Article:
Did you know that the S&P 500 is down 5% since year-end 1999? That’s not just price; I’m including dividends here. What an atrocious return. And for the privilege of losing 5% of your capital, you’d have had to endure two of the most severe bear markets in history with peak-to-trough declines of 50% or more.
Investors who retired at year-end 1999, at the height of the tech bubble, undoubtedly had too much invested in the stock market. The weekly asset allocation survey conducted by the American Association of Individual Investors showed that in January of 2000, investors were putting close to 80% of their portfolios in equities—a record high. When the bulk of financial assets held by individuals in the U.S. are owned by those in or nearing retirement, an 80% allocation to stocks is scandalous. And if the average was almost 80%, you can be sure there were more than a few investors with their entire portfolios invested in stocks.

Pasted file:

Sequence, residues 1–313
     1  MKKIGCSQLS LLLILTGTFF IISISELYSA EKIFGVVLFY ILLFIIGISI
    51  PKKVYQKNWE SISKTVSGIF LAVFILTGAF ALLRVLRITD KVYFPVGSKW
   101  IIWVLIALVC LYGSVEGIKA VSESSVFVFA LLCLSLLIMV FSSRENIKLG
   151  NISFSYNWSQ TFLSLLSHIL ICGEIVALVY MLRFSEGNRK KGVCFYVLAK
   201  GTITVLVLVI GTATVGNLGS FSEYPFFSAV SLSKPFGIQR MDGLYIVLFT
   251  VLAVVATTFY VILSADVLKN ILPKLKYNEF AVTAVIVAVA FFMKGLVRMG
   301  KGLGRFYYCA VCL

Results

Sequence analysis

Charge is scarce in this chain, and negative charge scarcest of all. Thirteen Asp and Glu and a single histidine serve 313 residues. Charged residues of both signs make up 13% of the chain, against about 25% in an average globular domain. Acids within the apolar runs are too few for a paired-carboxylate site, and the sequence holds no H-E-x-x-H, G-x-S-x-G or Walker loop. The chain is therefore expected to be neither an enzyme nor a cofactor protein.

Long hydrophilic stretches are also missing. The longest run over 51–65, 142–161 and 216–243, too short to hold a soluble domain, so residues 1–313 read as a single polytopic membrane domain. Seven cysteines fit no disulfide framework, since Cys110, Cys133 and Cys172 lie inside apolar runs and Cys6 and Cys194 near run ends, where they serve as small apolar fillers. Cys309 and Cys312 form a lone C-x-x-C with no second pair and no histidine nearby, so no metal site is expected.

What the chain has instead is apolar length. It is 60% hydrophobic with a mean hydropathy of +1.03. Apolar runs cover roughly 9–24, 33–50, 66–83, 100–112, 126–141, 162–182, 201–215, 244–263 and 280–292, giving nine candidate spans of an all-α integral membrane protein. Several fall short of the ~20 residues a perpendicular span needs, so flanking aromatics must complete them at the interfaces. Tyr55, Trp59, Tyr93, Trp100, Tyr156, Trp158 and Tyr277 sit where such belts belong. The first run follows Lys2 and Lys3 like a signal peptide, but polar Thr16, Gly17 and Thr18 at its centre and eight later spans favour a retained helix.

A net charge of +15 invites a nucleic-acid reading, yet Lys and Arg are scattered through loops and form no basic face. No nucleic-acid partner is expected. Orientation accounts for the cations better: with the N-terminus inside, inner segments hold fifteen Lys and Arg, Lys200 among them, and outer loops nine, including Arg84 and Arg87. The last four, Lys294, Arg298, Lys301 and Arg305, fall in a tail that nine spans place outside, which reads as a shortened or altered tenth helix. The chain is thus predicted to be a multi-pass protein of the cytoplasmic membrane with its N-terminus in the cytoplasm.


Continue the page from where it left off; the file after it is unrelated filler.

If you retired at year-end 1999 with a $500,000 portfolio invested in the S&P 500 index and decided to withdraw a modest $20,000 annually, adjusted for inflation each year, you would have only $230,000 today. After adjusting for 10 years’ worth of inflation, your initial $20,000 withdrawal would now amount to $25,600 or a staggering 11% of your portfolio. You’re doomed. You could either maintain your withdrawal rate and quickly deplete your portfolio, or take a colossal pay cut of 65% to reset your withdrawal rate to a more sustainable 4%. Either way, you face financial ruin.
To avoid such a disastrous scenario, all retired and soon-to-be retired investors should take a balanced approach. Your portfolio should include significant fixed-income holdings, a healthy allocation of global dividend-paying equities, and—in the current inflation-prone environment—a meaningful amount of hard assets and hard currencies.